The five works just mentioned were the best of the Lerner & Loewe collaborations. However, Lerner also worked with other composers but, if the results were not always successful, often great songs came out of the shows. Lerner wrote with Burton Lane on the Fred Astaire film of Royal Wedding (1951) from which David Bedella and Christine Andreas did the amusing duet of ‘How Could You Believe Me When I Said I Love You When You Know I’ve Been a Liar All My Life’ (allegedly the longest song title ever) which is akin to ‘I Can Do Anything Better Than You’ from Irving Berlin’s Annie Get Your Gun, or ‘I Wish I Were in Love Again’ from Rodgers & Hart’s Babes in Arms, or ‘I Can Do Without You’ from Sammy Fain and Paul Francis Webster’s Calamity Jane. Here Christine Andreas sang that beautiful torch song ‘Too Late Now’.
In 1965 Burton Lane and Lerner had a modest success with On a Clear Day You Can See Forever, starring Barbara Harris as a woman with ESP in a run of 280 performances. Minnelli directed Barbra Streisand in the 1970 film version. An unsatisfactory show it nevertheless produced some good songs, here including ‘Come Back to Me’, ‘Hurry! It’s Lovely Up Here’, ‘What Did I Have That I Don’t Have?’ and, of course, the title song, fervently sung here by Rachel Tucker. Another show Lerner wrote with Lane was Carmelina, adapted from the film Buona Sera, Mrs Campbell, but it lasted a mere fortnight, despite having a good number like ‘Why Him?’.
Lerner also worked with Kurt Weill on Love Life (252 performances in 1948); with André Previn on Coco (370 performances in 1969 with Katharine Hepburn, no less); with John Barry on Lolita, My Love (1971) but this one never reached Broadway; with Leonard Bernstein on 1600 Pennsylvania Avenue (seven performances in 1976 and starring Patricia Routledge). In 1985 with Gerard Kenny, Lerner adapted the comedy film My Man Godfrey as a musical but the show was left uncompleted when Lerner died on 14 June 1986 at the age of sixty-seven.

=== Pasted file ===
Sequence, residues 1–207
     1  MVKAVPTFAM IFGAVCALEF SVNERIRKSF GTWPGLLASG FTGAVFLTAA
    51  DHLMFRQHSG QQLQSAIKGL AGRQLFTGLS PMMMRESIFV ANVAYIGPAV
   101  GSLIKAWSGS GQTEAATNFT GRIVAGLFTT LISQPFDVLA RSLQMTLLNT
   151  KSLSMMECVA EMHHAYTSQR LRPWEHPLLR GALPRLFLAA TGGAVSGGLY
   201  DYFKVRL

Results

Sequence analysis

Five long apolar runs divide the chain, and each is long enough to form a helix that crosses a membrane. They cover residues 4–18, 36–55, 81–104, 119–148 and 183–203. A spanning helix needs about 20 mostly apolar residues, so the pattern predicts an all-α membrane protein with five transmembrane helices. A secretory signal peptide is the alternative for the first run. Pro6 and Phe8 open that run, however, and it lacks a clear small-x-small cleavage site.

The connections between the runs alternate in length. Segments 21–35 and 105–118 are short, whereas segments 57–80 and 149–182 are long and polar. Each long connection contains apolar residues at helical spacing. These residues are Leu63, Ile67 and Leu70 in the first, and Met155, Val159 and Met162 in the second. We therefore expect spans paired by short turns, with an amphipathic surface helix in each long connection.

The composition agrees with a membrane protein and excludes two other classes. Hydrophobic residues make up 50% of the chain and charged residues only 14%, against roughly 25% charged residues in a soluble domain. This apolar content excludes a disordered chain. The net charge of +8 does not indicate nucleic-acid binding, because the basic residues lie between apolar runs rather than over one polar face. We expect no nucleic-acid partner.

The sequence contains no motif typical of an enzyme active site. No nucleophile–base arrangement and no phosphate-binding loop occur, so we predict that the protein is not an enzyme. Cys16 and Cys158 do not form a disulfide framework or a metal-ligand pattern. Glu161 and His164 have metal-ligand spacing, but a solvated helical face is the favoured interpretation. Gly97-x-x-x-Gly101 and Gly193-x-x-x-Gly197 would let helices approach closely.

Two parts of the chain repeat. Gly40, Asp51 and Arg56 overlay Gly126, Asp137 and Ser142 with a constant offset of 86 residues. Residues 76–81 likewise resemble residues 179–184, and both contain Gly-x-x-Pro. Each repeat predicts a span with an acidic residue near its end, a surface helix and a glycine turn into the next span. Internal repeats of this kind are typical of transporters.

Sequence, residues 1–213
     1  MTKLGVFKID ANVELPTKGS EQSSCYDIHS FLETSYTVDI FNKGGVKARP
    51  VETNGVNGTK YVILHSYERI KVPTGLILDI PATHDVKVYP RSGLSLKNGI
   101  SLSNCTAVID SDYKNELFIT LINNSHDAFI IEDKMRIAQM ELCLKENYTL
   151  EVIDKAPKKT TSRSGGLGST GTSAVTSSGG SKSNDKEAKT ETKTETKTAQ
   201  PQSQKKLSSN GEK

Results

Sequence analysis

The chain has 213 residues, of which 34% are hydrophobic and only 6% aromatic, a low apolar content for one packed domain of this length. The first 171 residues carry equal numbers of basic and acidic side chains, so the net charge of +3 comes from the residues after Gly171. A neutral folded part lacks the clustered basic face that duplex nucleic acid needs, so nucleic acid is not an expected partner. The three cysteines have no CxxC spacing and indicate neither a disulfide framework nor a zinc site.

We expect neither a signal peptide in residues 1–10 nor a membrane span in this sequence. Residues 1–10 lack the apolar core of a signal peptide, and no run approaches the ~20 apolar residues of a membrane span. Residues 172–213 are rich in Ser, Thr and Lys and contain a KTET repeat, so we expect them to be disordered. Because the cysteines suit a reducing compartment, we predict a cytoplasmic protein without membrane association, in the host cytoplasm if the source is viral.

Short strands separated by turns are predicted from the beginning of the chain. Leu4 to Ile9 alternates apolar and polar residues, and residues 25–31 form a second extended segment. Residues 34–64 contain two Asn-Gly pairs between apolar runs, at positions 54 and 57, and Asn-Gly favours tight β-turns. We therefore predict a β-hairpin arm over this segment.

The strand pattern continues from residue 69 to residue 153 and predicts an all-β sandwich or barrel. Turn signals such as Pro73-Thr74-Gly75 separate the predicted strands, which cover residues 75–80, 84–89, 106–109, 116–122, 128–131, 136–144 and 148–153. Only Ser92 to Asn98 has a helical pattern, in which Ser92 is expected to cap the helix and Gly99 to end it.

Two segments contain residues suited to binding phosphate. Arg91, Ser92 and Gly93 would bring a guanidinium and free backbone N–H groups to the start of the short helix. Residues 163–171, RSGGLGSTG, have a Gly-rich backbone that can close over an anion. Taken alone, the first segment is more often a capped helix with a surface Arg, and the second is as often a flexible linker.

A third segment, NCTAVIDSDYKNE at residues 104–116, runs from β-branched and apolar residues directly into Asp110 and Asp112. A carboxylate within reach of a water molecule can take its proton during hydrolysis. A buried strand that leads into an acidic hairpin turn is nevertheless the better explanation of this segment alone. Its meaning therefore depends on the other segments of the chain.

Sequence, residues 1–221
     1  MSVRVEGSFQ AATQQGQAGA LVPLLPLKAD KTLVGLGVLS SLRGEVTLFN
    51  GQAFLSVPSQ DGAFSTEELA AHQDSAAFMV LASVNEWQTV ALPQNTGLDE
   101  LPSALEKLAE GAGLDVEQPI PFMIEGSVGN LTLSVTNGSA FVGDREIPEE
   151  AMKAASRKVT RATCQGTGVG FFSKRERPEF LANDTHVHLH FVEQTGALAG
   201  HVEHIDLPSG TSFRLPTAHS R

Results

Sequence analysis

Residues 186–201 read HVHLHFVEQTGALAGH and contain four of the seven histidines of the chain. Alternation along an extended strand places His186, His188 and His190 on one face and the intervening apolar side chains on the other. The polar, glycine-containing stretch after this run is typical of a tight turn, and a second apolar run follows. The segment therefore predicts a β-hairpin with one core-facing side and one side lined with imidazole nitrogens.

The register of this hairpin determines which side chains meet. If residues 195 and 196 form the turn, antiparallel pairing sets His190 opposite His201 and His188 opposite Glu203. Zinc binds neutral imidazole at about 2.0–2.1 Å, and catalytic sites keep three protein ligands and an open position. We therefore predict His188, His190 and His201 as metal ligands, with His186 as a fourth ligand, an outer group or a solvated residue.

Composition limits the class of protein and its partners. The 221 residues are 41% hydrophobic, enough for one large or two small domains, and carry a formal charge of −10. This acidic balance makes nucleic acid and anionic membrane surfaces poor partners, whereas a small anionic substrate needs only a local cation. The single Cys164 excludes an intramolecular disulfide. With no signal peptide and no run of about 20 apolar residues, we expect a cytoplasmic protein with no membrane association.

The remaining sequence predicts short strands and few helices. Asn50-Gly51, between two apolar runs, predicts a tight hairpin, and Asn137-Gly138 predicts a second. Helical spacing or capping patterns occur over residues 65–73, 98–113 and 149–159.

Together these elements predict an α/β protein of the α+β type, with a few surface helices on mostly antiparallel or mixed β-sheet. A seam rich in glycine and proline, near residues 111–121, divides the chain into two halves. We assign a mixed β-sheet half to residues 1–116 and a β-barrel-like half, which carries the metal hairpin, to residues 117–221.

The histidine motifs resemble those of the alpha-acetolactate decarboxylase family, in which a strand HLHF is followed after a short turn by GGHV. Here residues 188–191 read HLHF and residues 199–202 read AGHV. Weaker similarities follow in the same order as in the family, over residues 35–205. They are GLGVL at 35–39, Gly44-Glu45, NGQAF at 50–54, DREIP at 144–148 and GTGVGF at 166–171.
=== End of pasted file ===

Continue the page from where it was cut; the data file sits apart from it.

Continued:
Liz Robertson, Lerner’s widow (he was married eight times and had three daughters and a son) told us that her husband was a perfectionist who worked on a lyric sometimes for days, weeks or months, just to find the right word or phrase. On Gigi Lerner was worried about a line in ‘Thank Heaven for Little Girls’ in which he says “Those little eyes / So helpless and appealing / One day will flash / And send you crashing / Through the ceiling.” Lerner reckoned you could only crash through a floor, not a ceiling. Loewe’s answer to that, however, was that they were Lerner’s lyrics and that he could do what he liked with them. No changes were made.
With composer Charles Strouse, Lerner wrote the show Dance a Little Closer for Liz Robertson and here she performed her big number, ‘Another Life’, with great passion. Sadly the show closed on opening night and was dubbed Close a Little Faster.
Where Frederick Loewe was a brilliant melodist, Alan Jay Lerner was a consummate professional wordsmith. When it came to writing lyrics he was deft, witty and urbane and wrote with the singers in mind, producing lyrics they could easily enunciate. With his command of the English language Lerner created a kind of conversational flow that had a simplicity rising out of the hard work he put into his lyrics.
For this tribute the BBC Concert Orchestra was in fine form under Larry Blank. The line-up of soloists was impressive, the Guildford School of Acting Choir added depth to some wonderful music, and the whole evening was held together by hosts Samantha Bond and Jamie Lambert. You will be able to savour the best of Lerner on BBC Radio 3 on Friday 22 June at 7.30.